Talking with Susan Trieschmann, founder, Curt's Cafe

Susan Garcia Trieschmann is the founder and executive director of Curt's Cafe, which opened on Central Street almost four years ago. Curt’s is a bustling community gathering spot where customers “dine with a purpose:" the Cafe trains young men who have been in trouble with law enforcement—or who are headed in that direction—in life skills and food service skills. They are paid a stipend during the three-month training period and Curt’s then helps to place them in jobs.Curt's Cafe South, on Dempster and Dodge, works with young women.


Nina Kavin asked Susan about the Cafe, the young people it serves, and how her work helps to reduce violence in Evanston.


Q: Do you think violence is an issue in Evanston?


A: It is for some people in our community. Yes. It is an issue for a group of young people who are under-served, who haven’t figured how to get along better, and for whom constant disappointment and failure, hunger, lack of housing, lack of opportunity, turns into anger, which then turns into violence.


Q: How do you think Curt’s helps to prevent violence?


A: We help kids on that spectrum re-establish a purpose in the community, regain a sense of hope. Many of our students are young parents, and so we hope that what they learn at Curt’s they will in turn teach their children, and in that way we are working to break a cycle.


Q: Why did you open Curt’s Cafe?


A: I opened the cafe because I felt that a segment of our community wasn't being heard or serviced, and that they were falling through the cracks—young men between the ages of 15 and 24 who had high contact with the justice system. I thought I could help that particular demographic. I've done a lot of work in restorative justice, and I’ve sat in many peace circles with young men who’ve been in trouble with law enforcement, and over and over again they would say that they wouldn’t have committed the crime if they had had a job. Now, they might have needed housing or tutoring or various other services, but what came out of their mouths was that they wanted to work. So I decided that I would start an organization committed to workforce training for these young men, but also offer help with the other things they needed.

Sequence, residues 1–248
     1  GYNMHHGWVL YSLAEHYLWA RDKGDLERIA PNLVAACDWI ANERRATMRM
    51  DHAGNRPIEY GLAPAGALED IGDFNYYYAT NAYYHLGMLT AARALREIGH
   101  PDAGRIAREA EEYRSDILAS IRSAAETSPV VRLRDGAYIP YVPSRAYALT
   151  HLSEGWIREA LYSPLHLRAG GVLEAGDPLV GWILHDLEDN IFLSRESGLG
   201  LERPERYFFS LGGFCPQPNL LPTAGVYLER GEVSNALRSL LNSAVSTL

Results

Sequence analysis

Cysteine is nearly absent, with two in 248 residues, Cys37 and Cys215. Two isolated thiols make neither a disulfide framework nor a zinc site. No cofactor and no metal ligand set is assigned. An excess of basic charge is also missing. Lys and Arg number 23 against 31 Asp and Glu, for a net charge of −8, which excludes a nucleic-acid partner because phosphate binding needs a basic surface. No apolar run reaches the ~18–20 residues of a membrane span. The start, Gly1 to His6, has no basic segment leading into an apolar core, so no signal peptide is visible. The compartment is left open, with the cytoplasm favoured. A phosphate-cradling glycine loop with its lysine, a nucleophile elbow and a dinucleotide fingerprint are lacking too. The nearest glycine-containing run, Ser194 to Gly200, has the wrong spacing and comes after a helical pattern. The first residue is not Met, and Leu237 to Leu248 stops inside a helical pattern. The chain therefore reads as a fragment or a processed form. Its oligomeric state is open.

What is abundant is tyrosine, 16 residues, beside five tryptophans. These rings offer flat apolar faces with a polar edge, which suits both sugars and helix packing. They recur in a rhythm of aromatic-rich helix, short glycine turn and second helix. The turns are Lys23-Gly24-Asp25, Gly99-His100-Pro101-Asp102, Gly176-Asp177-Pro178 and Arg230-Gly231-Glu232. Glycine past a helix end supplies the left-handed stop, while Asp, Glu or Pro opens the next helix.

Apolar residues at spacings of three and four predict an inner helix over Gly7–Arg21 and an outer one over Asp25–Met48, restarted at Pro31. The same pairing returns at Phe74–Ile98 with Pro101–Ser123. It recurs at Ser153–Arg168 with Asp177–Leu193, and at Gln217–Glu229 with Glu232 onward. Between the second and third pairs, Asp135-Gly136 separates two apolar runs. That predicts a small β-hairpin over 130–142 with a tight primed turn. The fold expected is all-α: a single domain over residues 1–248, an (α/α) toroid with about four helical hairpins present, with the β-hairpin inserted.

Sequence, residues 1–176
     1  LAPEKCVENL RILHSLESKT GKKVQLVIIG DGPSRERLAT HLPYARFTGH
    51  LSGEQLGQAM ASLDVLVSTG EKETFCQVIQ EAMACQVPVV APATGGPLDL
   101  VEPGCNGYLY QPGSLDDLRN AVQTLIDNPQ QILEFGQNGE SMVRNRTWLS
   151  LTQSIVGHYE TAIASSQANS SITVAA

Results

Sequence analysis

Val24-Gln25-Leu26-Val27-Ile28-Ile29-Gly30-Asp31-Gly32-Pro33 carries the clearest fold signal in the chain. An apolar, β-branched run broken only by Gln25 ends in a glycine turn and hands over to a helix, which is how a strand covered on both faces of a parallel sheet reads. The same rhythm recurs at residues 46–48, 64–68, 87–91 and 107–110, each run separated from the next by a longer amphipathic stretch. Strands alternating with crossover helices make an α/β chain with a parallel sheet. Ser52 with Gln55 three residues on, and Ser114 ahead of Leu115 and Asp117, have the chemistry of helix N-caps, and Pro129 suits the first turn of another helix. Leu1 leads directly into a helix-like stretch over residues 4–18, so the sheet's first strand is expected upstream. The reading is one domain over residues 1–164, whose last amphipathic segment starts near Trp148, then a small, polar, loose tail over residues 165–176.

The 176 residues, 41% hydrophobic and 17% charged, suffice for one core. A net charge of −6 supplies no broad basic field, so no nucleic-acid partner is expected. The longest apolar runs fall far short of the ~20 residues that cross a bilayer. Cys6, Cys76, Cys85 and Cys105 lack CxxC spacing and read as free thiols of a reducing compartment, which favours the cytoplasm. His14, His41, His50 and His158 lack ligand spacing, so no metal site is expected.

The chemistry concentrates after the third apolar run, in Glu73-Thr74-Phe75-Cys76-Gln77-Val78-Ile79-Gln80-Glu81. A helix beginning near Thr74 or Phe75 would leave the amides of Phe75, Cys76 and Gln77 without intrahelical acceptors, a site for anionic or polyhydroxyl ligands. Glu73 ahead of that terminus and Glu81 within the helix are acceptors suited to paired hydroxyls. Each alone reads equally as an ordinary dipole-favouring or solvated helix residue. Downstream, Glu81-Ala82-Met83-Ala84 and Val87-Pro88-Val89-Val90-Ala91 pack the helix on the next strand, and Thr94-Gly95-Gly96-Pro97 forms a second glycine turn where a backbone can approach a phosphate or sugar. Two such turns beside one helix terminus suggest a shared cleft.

Curt's mentors group

Q: Why did you pick a cafe?


A: My background is in catering and restaurants. I know the restaurant business and I get excited about it. I also did research and discovered that food service is the second or third highest hiring sector in the economy. So I thought, if I’m going to do workforce training, I should do it in an area I know well, that also happens to hire a lot of people.


Q: In addition to job training, what else do you provide for Curt’s students?


A: Our program is 50 percent life skills education and 50 percent job training. In addition to teaching our students food service skills, we provide them with access to a full-time social worker who can help them with housing issues, getting their drivers licenses and IDs, working through trauma that many of them have experienced. We help them with life skills anywhere from anger management and understanding appropriate relationships to balancing a budget and developing a resume.


Q: How did you come up with the program model?


A: I formed a youth board which consisted of two brothers who had just got out of prison, three young men with whom I’d sat in peace circles [this is an alternative to going to jail, where the offender sits with the victim and members of the community to discuss the incident and take ownership of it], and another young man who was at risk of going to jail. They told me that they would only participate in this kind of program if they could be paid for the training. That they were tired of organizations making them promises that didn’t pan out. It was important to them that they would be paid while they figured out how to move their lives forward. So we decided on a stipend for the three-month training.